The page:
Used PC on offer : Suitability or otherwise for Blender use ?

Hi. I’ve been offered a used PC, but before I decide whether to take it or not, I thought I’d ask for your opinions re its suitability or otherwise for Blender use.

The details are below. Do I need 16 GB RAM, or would 8 GB be enough ? … Is the graphics card suitable ? Not sure I need a 250 GB hard-drive, really. Is the processor type suitable ? …Regarding the operating system : I’m considering the possibility of having a dual-boot system (Windows and Linux)…etc

I’d be very grateful for any guidance received. Thanks, in advance.

HP XW8400 2 Dual Core 4x2.0GHz 16GB 250GB DVDRW Windows 7 Professional 64-Bit PC

Hard Drive Capacity: 250 GB SATA
Product Line: HP Workstation
Operating System: Windows 7 Professional 64-Bit
Model: XW8400
Memory (RAM): 16 GB PC2-5300F DDR2 memory
MPN: Quad 2GHz Workstation Desktop Gaming Win Computer
Processor Type: Intel Xeon Dual Core
Primary Drive: DVDRW DVD Rewriter
Processor Speed: 2.00 GHz
Features: NVidia Quad FX1400 Professional 3D Graphics Card
Memory: 16 GB
Number of Processors: 2

Looks like a sweet system for Blender. You don’t “need” 16 gig of RAM, but the more RAM you have the faster your renders will process and the more complex models you can create. Extra RAM comes in handy if you are planning on using particles (hair, grass, leaves on trees, etc), simulations (flowing water, falling rocks), cloth (flags, clothing) or extensive scultping (fine details require a highly subdivided mesh, which needs more RAM). I am currently doing all that stuff on a Ubuntu box with only 2 Gig ram, but sometimes my machine lags and some renders, especially cycles, take a long time. (Hmmm, might be time to upgrade MY RAM…)

If you are planning on doing any animation, you’ll be amazed at how fast your hard drive fills up with still images. You’ll be glad you got the 250 Gig hard drive, and it wouldn’t surprise me if you are in the market for a Terabyte drive in a year or so.

You shouldn’t have any problems installing linux on that machine, and I don’t blame you for not wanting to hassle with Windows 7.

That RAM amount is nice but the PC overall looks outdated. Quadro cards are pretty much useless for Cycles rendering too, they generally provide better viewport performance but only with really complex stuff like huge cities. Right now there is no need for Quadro cards really.

If you can get it for cheap - why not but other than that, stear clear of this oldie. PCs are pretty cheap and powerful nowadays. It`s possible that for that price (which is unknown) someone is asking you, you could build more powerful setup with consumer level hardware.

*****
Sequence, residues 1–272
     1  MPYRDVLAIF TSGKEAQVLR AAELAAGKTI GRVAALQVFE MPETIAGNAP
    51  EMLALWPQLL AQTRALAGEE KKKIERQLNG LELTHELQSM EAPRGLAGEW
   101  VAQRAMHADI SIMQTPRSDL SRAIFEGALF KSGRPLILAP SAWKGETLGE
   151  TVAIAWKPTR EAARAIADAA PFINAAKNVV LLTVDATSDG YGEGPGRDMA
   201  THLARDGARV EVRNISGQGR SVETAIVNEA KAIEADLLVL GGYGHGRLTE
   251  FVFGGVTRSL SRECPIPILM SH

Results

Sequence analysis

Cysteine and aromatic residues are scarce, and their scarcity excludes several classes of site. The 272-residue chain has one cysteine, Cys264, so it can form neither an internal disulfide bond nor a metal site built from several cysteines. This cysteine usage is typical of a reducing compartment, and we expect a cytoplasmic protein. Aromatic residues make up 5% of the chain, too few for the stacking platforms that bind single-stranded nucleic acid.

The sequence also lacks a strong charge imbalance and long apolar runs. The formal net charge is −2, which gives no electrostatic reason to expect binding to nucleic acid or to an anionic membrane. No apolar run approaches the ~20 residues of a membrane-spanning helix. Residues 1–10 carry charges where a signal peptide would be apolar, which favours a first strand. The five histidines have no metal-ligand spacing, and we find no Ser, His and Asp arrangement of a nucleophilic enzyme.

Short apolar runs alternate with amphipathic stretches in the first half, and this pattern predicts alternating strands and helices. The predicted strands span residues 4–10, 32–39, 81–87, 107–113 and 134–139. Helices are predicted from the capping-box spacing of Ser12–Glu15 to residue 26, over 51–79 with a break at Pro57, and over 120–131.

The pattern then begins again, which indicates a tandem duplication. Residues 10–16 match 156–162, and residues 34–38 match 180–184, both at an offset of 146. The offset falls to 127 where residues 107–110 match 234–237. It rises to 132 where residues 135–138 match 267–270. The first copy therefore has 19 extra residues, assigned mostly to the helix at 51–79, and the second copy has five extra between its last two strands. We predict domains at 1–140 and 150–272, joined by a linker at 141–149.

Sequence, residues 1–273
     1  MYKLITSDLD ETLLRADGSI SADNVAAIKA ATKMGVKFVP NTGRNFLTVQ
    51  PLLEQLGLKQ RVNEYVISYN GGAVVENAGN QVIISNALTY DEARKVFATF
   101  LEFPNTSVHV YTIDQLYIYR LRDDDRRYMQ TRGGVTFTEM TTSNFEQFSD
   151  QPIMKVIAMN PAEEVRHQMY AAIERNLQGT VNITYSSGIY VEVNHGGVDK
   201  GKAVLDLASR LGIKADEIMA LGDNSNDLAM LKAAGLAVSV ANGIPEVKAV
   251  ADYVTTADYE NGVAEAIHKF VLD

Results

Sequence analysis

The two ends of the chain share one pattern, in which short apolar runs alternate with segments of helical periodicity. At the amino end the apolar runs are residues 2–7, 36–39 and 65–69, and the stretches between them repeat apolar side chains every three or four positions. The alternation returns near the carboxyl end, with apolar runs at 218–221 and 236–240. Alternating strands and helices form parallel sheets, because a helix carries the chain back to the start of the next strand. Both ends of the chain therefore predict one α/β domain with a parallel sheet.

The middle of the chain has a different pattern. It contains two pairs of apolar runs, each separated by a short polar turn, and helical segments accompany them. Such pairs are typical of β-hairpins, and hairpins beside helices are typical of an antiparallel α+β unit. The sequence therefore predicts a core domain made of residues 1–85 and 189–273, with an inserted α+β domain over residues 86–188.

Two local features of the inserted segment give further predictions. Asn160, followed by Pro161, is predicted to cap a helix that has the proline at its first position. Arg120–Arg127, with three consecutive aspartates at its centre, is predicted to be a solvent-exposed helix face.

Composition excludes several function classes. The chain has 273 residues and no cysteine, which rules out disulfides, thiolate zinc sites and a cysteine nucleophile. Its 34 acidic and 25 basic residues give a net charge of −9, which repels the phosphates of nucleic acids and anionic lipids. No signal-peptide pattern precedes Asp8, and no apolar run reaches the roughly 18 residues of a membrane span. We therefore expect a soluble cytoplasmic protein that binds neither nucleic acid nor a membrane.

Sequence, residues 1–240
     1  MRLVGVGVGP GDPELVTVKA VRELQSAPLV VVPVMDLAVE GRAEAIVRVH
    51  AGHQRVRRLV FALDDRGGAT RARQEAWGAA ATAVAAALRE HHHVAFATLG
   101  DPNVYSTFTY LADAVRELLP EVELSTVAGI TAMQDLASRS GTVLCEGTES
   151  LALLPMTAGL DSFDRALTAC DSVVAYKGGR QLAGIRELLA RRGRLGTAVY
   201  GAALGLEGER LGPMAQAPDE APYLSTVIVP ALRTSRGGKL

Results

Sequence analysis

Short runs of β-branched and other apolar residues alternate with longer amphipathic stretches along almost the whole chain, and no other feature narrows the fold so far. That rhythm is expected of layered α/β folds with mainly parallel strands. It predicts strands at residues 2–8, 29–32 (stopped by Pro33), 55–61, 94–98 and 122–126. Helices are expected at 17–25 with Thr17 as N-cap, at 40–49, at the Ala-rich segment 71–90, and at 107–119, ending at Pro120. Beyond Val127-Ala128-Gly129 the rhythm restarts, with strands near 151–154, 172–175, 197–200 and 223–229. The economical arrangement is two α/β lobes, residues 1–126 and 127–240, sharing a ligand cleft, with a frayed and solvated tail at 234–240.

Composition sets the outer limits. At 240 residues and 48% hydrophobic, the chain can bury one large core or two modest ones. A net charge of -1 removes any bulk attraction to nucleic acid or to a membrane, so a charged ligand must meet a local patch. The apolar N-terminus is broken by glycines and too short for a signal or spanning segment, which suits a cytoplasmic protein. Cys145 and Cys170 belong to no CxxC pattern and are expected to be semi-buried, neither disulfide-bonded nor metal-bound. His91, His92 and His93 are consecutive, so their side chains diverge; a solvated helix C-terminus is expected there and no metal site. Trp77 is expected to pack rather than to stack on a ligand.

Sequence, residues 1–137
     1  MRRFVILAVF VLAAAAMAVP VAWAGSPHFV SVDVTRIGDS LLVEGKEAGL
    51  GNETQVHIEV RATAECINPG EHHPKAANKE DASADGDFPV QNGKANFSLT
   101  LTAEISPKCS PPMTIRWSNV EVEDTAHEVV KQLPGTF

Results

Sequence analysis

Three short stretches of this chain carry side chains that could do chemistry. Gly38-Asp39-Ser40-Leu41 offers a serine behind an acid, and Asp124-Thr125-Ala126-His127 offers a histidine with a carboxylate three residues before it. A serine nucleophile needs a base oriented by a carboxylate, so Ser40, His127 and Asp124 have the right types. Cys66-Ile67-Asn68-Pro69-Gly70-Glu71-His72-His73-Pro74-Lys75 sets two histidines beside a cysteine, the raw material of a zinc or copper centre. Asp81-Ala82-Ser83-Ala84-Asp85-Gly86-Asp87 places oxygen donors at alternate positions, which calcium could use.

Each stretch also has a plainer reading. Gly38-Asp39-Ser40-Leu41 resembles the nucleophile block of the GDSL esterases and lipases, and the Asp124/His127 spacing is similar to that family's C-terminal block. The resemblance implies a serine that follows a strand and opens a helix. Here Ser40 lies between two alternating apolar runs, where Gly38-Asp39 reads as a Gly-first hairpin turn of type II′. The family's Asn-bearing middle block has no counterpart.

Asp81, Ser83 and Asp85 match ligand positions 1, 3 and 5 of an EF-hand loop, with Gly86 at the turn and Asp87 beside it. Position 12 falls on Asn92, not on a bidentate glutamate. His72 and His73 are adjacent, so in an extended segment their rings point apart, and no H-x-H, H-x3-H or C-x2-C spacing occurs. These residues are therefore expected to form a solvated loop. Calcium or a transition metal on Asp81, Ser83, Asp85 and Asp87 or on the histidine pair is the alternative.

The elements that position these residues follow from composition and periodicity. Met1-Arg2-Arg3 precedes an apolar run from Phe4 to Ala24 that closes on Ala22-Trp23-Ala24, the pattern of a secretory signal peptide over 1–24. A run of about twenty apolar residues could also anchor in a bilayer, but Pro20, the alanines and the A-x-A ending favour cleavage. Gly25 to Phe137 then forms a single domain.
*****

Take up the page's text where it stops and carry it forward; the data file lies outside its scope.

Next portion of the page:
EDIT: Haha, that Quadro was released in 2004 and processor in 2006. I wouldn`t even buy a 5 year old PC. This is some seriously acient tech. Most probably the latest entry level consumer grade hardware performs the same or even better than those grandpas.

@Bloodwork: I got my Ubuntu box for free from a co-worker because it stopped working and he bought a new one (cost me $90 to get it working again). As I mentioned, it lags and takes a long time on cycles renders.
Here’s what the System Details panel tells me
2 gig ram
Intel Pentium® Dual CPU E220 @ 2.20 GHz x 2
Gallium 0.4 on NV98
32bit Ubuntu 13.04

It’s an HP Pavilion Elite m9040n
with an Intel Q6600 Dual core processor
an NVidia GeForce 8400 GS grahics card
and 3072 MB ‘system memory’ according to the sticker on the side.

Any recommendations for upgrades for this bad boy?

@alan2012, since you didn’t mention any price, I assumed you were getting the same kind of 'take this off my hands it takes up too much room on my desk" deal I got.

Thanks, Orinoco and Bloodwork. I think I’ll pass on the offer of this particular PC. I’m thinking more of a PC build (either ask someone to do it, or do it myself), but am unsure of the components I ought to ask for or get. I’m sure there will be lots of information to trawl through on this forum, so I’ll do that…But if anyone could give me some pointers…? Thanks

I built a Windows box a few years ago following Build It Fix It Own It by Paul McFedries from Que Publishers. My edition was published in 2008, so it is out of date, but I’m sure someone is selling an up to date edition of that book or a similar book.